How States Think: The Rationality of Foreign Policy (Hardcover)

How States Think: The Rationality of Foreign Policy By John J. Mearsheimer, Sebastian Rosato Cover Image

How States Think: The Rationality of Foreign Policy (Hardcover)


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A groundbreaking examination of a central question in international relations: Do states act rationally?
To understand world politics, you need to understand how states think. Are states rational? Much of international relations theory assumes that they are. But many scholars believe that political leaders rarely act rationally. The issue is crucial for both the study and practice of international politics, for only if states are rational can scholars and policymakers understand and predict their behavior.
John J. Mearsheimer and Sebastian Rosato argue that rational decisions in international politics rest on credible theories about how the world works and emerge from deliberative decision‑making processes. Using these criteria, they conclude that most states are rational most of the time, even if they are not always successful. Mearsheimer and Rosato make the case for their position, examining whether past and present world leaders, including George W. Bush and Vladimir Putin, have acted rationally in the context of momentous historical events, including both world wars, the Cold War, and the post–Cold War era.  
By examining this fundamental concept in a novel and comprehensive manner, Mearsheimer and Rosato show how leaders think, and how to make policy for dealing with other states.
John J. Mearsheimer is the R. Wendell Harrison Distinguished Service Professor of Political Science at the University of Chicago. He is the author of The Great Delusion: Liberal Dreams and International Realities. He lives in Chicago, IL. He is the author of Intentions in Great Power Politics: Uncertainty and the Roots of Conflict. He lives in South Bend, IN.

Product Details ISBN: 9780300269307
ISBN-10: 0300269307
Publisher: Yale University Press
Publication Date: September 5th, 2023
Pages: 304
Language: English
“Thought provoking. . . . Lands its key argument well.”—James Denselow, New York Journal of Books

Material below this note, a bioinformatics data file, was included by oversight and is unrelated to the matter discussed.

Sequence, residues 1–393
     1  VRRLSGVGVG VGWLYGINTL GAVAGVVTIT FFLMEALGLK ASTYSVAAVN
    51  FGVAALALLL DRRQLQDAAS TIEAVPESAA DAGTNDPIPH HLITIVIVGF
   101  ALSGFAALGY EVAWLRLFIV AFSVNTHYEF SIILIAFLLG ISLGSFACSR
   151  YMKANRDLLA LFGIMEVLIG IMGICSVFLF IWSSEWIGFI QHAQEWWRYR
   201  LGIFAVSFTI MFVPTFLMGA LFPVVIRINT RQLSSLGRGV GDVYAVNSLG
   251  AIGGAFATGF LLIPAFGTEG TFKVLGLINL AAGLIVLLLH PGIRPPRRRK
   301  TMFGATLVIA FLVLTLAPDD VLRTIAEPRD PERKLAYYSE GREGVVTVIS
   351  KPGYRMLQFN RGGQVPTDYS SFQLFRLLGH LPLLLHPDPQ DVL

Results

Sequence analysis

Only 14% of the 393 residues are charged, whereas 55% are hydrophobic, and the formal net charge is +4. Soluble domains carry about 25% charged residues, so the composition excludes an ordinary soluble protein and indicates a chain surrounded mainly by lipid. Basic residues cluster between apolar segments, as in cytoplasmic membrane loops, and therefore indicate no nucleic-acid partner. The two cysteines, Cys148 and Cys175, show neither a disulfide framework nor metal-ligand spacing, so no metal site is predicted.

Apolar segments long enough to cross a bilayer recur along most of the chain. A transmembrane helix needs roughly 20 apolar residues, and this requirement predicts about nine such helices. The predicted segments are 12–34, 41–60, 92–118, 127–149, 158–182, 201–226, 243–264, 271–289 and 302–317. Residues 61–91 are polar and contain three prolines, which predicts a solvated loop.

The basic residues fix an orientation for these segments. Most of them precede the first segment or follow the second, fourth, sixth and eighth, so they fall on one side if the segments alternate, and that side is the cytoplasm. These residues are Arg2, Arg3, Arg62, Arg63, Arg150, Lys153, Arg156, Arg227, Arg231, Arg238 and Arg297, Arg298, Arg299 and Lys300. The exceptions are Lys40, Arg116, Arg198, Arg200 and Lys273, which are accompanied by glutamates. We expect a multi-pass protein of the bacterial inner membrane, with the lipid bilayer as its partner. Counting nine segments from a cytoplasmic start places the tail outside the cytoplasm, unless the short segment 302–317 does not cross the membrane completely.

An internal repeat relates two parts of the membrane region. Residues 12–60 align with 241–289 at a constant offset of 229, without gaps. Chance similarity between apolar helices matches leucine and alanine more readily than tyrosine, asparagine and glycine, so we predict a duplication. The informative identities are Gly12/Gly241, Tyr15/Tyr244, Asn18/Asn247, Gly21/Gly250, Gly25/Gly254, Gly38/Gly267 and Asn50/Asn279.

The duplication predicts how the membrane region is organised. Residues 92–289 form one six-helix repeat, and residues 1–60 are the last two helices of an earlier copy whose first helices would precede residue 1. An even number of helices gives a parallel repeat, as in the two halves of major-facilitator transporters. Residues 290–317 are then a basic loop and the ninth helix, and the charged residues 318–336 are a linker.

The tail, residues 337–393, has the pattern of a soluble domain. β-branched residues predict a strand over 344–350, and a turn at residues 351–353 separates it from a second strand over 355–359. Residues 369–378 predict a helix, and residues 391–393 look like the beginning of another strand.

“This is a fascinating book . . . and will provide scholars, analysts, and policy makers much food for thought.”—John West, Australian Outlook

“In this argumentative and cogent book, Mearsheimer and Rosato argue that rational strategic action requires a credible theory and a deliberative process.  Examining many important decisions since 1900, they conclude that rational strategic action is normal but not universal.”—Robert O. Keohane, author of After Hegemony

“Mearsheimer and Rosato show why we should not be too quick to dismiss policies we dislike as ‘irrational.’ . . . An impressive, probing, and thought-provoking analysis of a very fundamental issue.”—Marc Trachtenberg, author of The Craft of International History

“John Mearsheimer and Sebastian Rosato demonstrate how great powers jostle relentlessly for national security and expanded power. To base foreign policy on the view that the opponent is irrational is to invite debacles such as the war in Ukraine. To take major actions such as the Iraq War without rational deliberation is to invite disaster. This is a powerful and important essay, calling for foreign policy makers of great powers to undertake rational deliberation and to understand the rational viewpoint of other great powers.”—Jeffrey D. Sachs, University Professor at Columbia University

How States Think takes dead aim at the tendency to see adversaries and aggressors as inherently ‘irrational.’ Equally important, it argues that familiar conceptions of rationality are unsuitable for analyzing most political decisions. It is a book that no serious international relations scholar will be able to ignore.”—Stephen M. Walt, Robert and Renee Belfer Professor of International Affairs, Harvard Kennedy School

“A lively and provocative book. Mearsheimer and Rosato's message is unflinching: in a world of great uncertainty, the rational leader will need to rely on a worked-out world view to shape state goals and actions—even if history shows that strategic rationality sometimes leads to war, failure, and national self-harm.”—G. John Ikenberry, author of A World Safe for Democracy